From left: Michelangelo Antonioni, Akira Kurosawa, and Satyajit Ray at the Taj Mahal in 1977.
While the revolution in cinema in the late 1950s and early 1960s occurred primarily in Europe, there were two “exotic” Eastern names that always shared the art-house marquee: Akira Kurosawa and Satyajit Ray. Ray (pronounced “Rye”) was, as my Hindi-speaking Indian friends pointed out with a certain condescension, a Bengali. The fact that Calcutta was a major metropolis meant little to them, accustomed as they were to their language and cities yielding the subcontinent’s most talented filmmakers, as well as what was then the nascent Bollywood.
I had fallen in love with Ray’s exquisite sensibility, his use of music, and his direction of (often) amateur actors. The Music Room (1958) and The World of Apu (1959) touched me the most, although each new Ray film came as a fresh adventure, culminating in the penetrating satire of 1970’s Days and Nights in the Forest. In the early 1970s, I was invited to meet him at the home of Marie Seton, a small, intense, chain-smoking Londoner who was held in high regard for her books on Paul Robeson and Sergei Eisenstein, and especially for her brilliant reconstruction of Eisenstein’s unfinished epic ¡Que viva Mexico!. A friend of Jawaharlal Nehru’s and Krishna Menon’s, Marie had recently completed her biography of Ray. As I came forward to be introduced, Ray unfolded himself like a stork from a comfortable armchair. He was fully six feet five inches tall, with an imposing head and a sensual mouth. His rich, marsala-dark voice gave him an effortless authority, and alongside Orson Welles, he was the closest thing to a Renaissance man I have ever encountered, brilliant not just as a director and writer—working with modest means, he had the knack of finding exactly the right camera setup, enabling his actors to express their innermost feelings—but also as a composer and visual artist. I remember him talking about his admiration for Ravi Shankar, who had scored the Apu trilogy for him.
In January 1977, I attended the Delhi Film Festival with several other British critics. One evening, the producer Suresh Jindal invited some of the foreign guests to his house to hear about Ray’s first film in Hindustani and English, The Chess Players, which was then in production. Ray explained that this story of two noblemen preoccupied with chess served him as a metaphor for the political maneuvering of 1856, during the final throes of the Moghul Empire. Looking back, The Chess Players was arguably the last of Ray’s major works, apart from The Home and the World (1984), now being rediscovered—along with his rigorous, politically engaged Ibsen adaptation, An Enemy of the People (1989), and the wise and witty The Stranger (1991)—in Criterion’s Eclipse set.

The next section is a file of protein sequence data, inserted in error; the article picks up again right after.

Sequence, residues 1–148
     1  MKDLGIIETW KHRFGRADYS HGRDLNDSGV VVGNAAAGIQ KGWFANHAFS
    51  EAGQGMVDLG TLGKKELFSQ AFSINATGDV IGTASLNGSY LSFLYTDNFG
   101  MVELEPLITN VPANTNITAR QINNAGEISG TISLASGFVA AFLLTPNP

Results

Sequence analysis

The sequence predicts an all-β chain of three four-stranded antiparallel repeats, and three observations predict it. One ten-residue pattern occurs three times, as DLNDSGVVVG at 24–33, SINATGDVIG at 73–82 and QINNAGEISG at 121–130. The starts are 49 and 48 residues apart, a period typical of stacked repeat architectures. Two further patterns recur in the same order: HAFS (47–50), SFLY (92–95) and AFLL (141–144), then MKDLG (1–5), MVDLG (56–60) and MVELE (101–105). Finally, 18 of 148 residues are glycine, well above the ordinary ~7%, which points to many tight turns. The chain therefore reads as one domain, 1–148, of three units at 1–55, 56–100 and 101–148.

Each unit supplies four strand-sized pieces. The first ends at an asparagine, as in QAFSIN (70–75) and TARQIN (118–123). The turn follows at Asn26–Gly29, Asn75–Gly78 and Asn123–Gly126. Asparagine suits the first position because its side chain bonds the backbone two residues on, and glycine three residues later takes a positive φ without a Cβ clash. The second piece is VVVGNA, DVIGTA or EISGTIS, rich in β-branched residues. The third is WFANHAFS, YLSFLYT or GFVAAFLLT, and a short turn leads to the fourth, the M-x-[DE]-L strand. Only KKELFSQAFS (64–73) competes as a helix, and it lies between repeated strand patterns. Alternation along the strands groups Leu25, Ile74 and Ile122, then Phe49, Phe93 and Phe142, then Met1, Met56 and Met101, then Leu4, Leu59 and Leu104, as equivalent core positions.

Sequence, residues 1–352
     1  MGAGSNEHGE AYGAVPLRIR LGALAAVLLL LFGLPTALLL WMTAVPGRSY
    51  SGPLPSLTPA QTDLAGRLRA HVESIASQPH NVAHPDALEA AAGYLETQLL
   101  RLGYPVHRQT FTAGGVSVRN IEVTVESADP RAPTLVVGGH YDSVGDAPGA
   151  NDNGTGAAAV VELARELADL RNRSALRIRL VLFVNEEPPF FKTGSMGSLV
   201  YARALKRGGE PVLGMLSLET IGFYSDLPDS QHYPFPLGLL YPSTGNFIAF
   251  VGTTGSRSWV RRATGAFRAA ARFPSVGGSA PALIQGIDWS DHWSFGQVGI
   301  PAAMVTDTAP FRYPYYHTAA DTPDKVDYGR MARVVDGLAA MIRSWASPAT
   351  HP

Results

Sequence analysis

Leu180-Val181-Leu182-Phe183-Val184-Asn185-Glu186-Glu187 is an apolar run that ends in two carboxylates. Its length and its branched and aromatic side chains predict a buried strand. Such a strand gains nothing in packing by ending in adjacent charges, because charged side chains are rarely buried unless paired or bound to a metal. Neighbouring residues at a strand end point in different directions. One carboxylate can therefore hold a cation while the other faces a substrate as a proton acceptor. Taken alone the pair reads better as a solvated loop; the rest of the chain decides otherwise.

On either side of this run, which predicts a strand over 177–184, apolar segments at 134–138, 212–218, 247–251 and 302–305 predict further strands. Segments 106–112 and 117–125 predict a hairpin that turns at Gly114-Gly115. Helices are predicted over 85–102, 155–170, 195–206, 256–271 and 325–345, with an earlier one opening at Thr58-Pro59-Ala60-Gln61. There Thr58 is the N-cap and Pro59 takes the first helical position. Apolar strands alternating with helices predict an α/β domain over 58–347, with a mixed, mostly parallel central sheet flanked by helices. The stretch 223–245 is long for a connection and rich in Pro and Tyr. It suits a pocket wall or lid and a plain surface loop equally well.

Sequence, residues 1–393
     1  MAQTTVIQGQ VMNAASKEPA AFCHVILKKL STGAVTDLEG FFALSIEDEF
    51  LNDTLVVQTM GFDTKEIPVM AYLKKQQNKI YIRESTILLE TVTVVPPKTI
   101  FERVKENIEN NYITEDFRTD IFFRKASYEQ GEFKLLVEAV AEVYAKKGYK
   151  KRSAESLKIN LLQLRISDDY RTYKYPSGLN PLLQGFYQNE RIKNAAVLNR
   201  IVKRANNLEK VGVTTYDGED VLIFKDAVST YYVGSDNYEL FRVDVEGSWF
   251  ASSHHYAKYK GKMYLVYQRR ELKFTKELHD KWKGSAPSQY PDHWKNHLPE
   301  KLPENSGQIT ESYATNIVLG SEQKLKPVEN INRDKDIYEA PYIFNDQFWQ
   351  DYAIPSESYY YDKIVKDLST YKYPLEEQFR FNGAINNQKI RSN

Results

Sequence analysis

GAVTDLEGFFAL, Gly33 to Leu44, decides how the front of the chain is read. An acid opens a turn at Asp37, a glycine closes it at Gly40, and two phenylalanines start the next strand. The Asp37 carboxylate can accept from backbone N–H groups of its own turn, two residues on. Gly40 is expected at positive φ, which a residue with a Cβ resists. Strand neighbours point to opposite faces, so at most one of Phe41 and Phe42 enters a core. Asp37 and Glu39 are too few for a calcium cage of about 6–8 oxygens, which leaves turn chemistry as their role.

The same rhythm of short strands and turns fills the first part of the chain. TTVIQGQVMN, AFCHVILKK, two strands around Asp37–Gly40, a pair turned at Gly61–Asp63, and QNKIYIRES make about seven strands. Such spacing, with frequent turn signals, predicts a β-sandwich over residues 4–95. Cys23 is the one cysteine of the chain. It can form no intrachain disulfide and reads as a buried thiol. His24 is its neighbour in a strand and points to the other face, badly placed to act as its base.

A day or two later, Ray arose with the rest of us in the small hours so that we could reach Agra in time to see the Taj Mahal in the roseate light of dawn. An image I shall never forget is that of Antonioni and Kurosawa accompanying him around the shrine—three of the cinema’s great masters laughing and chatting informally. Ray gave off an intense self-confidence without seeming in the slightest degree arrogant or complacent. Never sentimental, he probably agreed with the king in The Chess Players, who says that “nothing but poetry and music should bring tears to a man’s eyes.” While in Agra, he told Kurosawa about a huge tree in India that measured almost one mile in girth. Much later, Kurosawa wrote to him, reminding him of that incident and saying, “I have always felt from the first time I met you that you are the kind of man who is like a huge tree. A great tree in the woods in India.”
In July 1990, Ray sent me an elegantly handwritten letter (in response to one from me about having recently rewatched The World of Apu), in which he apologized for not sending a snapshot he had taken of me with Kurosawa and Antonioni at the Taj Mahal. “I’m hopelessly disorganized in everything except filmmaking,” he confessed. “Until recently, I had no opportunity to take a look at my early films—although I occasionally felt the urge to do so. Over the last couple of years my son has built up a collection of videotapes of most of my films, and at last I’ve had a chance to review my efforts of 25/30 years ago. I must say I was most agreeably surprised to see how little they show their age.” Less than two years later, he died, at the same age—seventy—as Orson Welles.
Peter Cowie has written more than thirty books on film and was the founding editor of the annual International Film Guide. He was international publishing director of Variety throughout the 1990s and now consults for the Berlin and Venice film festivals, and he is a longtime contributor of commentaries, supplements, and essays to the Criterion Collection.
This is one in a series of pieces devoted to film figures Cowie has gotten to know in the course of his career. Read his introduction to the series here.